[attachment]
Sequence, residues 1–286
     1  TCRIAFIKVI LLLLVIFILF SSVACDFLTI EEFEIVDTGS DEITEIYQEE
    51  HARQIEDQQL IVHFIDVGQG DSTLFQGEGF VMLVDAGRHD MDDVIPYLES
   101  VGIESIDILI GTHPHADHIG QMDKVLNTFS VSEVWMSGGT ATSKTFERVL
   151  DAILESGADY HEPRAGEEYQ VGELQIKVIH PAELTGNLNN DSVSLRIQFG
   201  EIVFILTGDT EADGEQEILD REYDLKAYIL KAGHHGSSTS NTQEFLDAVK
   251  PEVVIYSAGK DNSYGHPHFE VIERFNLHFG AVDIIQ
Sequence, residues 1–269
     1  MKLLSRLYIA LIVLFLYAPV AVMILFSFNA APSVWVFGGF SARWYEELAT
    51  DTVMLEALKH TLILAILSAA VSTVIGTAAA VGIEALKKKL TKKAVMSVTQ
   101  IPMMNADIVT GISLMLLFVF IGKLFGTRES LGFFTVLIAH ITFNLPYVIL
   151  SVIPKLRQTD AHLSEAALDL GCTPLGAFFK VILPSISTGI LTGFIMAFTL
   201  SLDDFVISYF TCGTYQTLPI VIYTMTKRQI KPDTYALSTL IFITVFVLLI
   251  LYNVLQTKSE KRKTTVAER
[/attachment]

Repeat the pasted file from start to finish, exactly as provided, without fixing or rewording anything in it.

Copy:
Sequence, residues 1–286
     1  TCRIAFIKVI LLLLVIFILF SSVACDFLTI EEFEIVDTGS DEITEIYQEE
    51  HARQIEDQQL IVHFIDVGQG DSTLFQGEGF VMLVDAGRHD MDDVIPYLES
   101  VGIESIDILI GTHPHADHIG QMDKVLNTFS VSEVWMSGGT ATSKTFERVL
   151  DAILESGADY HEPRAGEEYQ VGELQIKVIH PAELTGNLNN DSVSLRIQFG
   201  EIVFILTGDT EADGEQEILD REYDLKAYIL KAGHHGSSTS NTQEFLDAVK
   251  PEVVIYSAGK DNSYGHPHFE VIERFNLHFG AVDIIQ
Sequence, residues 1–269
     1  MKLLSRLYIA LIVLFLYAPV AVMILFSFNA APSVWVFGGF SARWYEELAT
    51  DTVMLEALKH TLILAILSAA VSTVIGTAAA VGIEALKKKL TKKAVMSVTQ
   101  IPMMNADIVT GISLMLLFVF IGKLFGTRES LGFFTVLIAH ITFNLPYVIL
   151  SVIPKLRQTD AHLSEAALDL GCTPLGAFFK VILPSISTGI LTGFIMAFTL
   201  SLDDFVISYF TCGTYQTLPI VIYTMTKRQI KPDTYALSTL IFITVFVLLI
   251  LYNVLQTKSE KRKTTVAER